Notes from An Alien

~ Explorations In Reading, Writing & Publishing ~

Tag Archives: Undictionaried Words

“A word to the wise ain’t necessary…”


That title is only the beginning of a quote from the comedian Bill Cosby.

Here’s the full quote: “A word to the wise ain’t necessary—it’s the stupid ones that need the advice.”

And, to be honest with you, our current world culture is full of folks who are in charge but are eminently stupid.

Let’s check a dictionary for “stupid” and compare it with the actions of just one group of people who are, sadly, “in charge”—financiers.

STUPID = “Lacking or marked by lack of intellectual acuity; in a state of mental numbness especially as resulting from shock; lacking intelligence; and, devoid of good sense or judgment.”

You may not agree with my assessment of financiers but using dictionaries is undeniably important in Reading, Writing, and Publishing—the three main topics of this blog.

Last year, I wrote a post called Dictionary Evangelist. I do hope you’ll take that link and watch the video there—go ahead—I’ll wait right here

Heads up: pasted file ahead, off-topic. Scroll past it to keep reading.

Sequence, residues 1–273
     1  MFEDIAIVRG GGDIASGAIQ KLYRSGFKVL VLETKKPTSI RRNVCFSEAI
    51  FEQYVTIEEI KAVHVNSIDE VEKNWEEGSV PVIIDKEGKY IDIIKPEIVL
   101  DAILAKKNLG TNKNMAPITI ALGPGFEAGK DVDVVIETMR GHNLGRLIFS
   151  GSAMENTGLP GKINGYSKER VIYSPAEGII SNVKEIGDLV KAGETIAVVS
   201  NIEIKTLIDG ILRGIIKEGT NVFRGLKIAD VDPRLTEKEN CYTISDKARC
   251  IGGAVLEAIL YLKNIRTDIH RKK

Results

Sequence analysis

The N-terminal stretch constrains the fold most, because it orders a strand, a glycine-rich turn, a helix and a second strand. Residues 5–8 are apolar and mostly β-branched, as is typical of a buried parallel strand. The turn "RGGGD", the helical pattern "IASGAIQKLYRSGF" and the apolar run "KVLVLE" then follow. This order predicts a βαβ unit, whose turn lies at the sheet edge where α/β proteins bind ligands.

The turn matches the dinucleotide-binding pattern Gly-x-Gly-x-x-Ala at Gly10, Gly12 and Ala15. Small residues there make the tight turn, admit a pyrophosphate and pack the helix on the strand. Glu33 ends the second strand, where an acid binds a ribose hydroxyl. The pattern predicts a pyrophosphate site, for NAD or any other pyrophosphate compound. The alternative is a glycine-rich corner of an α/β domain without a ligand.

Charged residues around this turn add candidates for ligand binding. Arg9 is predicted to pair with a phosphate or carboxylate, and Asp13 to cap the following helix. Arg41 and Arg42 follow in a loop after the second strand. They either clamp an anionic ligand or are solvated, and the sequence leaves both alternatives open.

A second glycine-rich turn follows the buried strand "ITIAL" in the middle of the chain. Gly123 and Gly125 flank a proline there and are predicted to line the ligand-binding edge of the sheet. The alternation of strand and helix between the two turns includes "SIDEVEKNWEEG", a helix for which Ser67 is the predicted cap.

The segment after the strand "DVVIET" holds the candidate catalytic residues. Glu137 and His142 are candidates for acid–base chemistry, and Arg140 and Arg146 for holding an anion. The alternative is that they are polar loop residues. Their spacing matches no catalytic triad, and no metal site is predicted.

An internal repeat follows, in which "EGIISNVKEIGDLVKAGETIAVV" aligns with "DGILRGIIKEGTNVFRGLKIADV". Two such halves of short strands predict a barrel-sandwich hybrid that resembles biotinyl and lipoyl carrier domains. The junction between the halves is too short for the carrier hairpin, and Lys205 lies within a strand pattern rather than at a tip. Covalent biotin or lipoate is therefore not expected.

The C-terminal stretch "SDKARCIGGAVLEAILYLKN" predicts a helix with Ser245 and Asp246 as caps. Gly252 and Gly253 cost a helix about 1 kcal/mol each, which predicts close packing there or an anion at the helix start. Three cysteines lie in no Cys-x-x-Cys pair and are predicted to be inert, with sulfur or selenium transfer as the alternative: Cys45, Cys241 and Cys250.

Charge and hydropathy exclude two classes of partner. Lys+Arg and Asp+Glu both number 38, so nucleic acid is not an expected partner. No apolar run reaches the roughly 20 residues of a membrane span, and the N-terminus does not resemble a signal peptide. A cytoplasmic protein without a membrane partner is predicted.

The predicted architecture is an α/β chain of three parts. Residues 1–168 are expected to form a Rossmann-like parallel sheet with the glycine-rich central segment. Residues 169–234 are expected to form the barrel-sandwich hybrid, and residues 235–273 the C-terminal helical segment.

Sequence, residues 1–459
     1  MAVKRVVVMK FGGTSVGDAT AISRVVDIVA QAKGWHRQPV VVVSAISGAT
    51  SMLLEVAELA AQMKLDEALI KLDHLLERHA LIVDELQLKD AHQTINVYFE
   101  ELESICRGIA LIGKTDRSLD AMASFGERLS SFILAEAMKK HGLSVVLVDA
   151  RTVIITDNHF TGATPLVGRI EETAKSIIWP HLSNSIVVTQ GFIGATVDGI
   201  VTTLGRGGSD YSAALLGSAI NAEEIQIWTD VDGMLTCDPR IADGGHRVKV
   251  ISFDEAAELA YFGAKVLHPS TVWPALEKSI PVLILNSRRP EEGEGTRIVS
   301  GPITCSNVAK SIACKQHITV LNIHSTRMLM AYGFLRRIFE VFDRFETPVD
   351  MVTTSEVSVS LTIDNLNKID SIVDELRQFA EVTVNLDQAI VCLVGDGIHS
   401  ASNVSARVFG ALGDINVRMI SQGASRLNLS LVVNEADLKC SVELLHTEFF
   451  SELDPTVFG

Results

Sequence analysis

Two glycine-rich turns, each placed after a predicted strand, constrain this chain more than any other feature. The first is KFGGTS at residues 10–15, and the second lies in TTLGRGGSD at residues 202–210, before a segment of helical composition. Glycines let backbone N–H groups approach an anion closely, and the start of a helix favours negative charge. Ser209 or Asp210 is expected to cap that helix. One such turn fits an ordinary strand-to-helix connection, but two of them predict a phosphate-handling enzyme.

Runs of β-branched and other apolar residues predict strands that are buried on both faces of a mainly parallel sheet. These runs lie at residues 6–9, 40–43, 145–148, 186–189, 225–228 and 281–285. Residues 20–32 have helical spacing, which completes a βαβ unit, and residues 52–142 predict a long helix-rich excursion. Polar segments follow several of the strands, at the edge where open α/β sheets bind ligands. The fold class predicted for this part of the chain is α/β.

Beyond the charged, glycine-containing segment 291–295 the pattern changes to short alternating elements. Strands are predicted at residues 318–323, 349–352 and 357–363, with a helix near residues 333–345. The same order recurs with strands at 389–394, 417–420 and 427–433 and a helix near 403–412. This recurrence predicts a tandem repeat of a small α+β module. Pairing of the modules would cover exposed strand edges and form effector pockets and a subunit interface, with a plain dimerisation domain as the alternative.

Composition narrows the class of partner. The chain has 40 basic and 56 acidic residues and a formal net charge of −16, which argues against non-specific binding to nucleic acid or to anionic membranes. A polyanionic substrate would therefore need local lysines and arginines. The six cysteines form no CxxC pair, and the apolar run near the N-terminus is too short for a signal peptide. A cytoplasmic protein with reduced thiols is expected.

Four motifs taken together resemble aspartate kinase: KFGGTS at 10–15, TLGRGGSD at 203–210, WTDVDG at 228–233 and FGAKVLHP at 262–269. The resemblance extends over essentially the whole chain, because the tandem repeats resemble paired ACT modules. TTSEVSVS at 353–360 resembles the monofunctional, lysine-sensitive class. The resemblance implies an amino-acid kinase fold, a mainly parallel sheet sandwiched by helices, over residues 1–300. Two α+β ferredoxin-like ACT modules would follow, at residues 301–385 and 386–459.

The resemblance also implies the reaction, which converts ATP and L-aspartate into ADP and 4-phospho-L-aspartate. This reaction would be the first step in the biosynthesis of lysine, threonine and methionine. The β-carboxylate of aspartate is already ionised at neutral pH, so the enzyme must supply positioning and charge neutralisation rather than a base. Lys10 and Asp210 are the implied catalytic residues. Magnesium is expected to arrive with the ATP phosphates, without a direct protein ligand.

So, that was Erin McKean, a founder and the CEO of the online dictionary Wordnik and, previously, the Principal Editor of The New Oxford American Dictionary.

Wordnik is irrevocably Cool since it’s a dictionary that you can add words to—based on Erin’s philosophy that dictionaries shouldn’t be compiled by traffic cops but by folks who fish

This woman is definitely a phenomenon since she’s not only a celebrated lexicographer but also writes for The Boston Globe and has had a blog about dresses for 7 years ( A Dress A Day ).

Plus, she has a great article in The New York Times called Using Undictionaried Words—here’s an excerpt:

“…serve as your own lexicographer and shine your own light on largely undiscovered words. For it’s a kind of lexical Catch-22: since editors at most traditional dictionaries won’t include a word until they see published evidence of its use, holding off on using a word just because it’s not in the dictionary can actually delay its inclusion.”

Not hard to see why I, a man whose favorite word is “word”, find this woman’s work fascinating
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